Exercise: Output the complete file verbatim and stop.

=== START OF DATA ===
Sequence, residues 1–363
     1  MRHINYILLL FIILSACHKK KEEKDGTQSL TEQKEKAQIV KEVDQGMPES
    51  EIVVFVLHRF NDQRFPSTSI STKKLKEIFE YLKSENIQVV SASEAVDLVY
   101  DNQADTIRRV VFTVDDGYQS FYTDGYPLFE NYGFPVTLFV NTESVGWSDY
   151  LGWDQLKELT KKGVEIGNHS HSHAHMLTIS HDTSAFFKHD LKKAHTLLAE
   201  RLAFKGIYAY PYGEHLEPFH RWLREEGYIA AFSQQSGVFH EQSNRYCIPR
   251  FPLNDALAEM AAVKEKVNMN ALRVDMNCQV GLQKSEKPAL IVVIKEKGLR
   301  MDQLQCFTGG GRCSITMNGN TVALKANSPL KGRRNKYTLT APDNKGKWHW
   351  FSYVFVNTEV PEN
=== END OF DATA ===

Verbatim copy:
Sequence, residues 1–363
     1  MRHINYILLL FIILSACHKK KEEKDGTQSL TEQKEKAQIV KEVDQGMPES
    51  EIVVFVLHRF NDQRFPSTSI STKKLKEIFE YLKSENIQVV SASEAVDLVY
   101  DNQADTIRRV VFTVDDGYQS FYTDGYPLFE NYGFPVTLFV NTESVGWSDY
   151  LGWDQLKELT KKGVEIGNHS HSHAHMLTIS HDTSAFFKHD LKKAHTLLAE
   201  RLAFKGIYAY PYGEHLEPFH RWLREEGYIA AFSQQSGVFH EQSNRYCIPR
   251  FPLNDALAEM AAVKEKVNMN ALRVDMNCQV GLQKSEKPAL IVVIKEKGLR
   301  MDQLQCFTGG GRCSITMNGN TVALKANSPL KGRRNKYTLT APDNKGKWHW
   351  FSYVFVNTEV PEN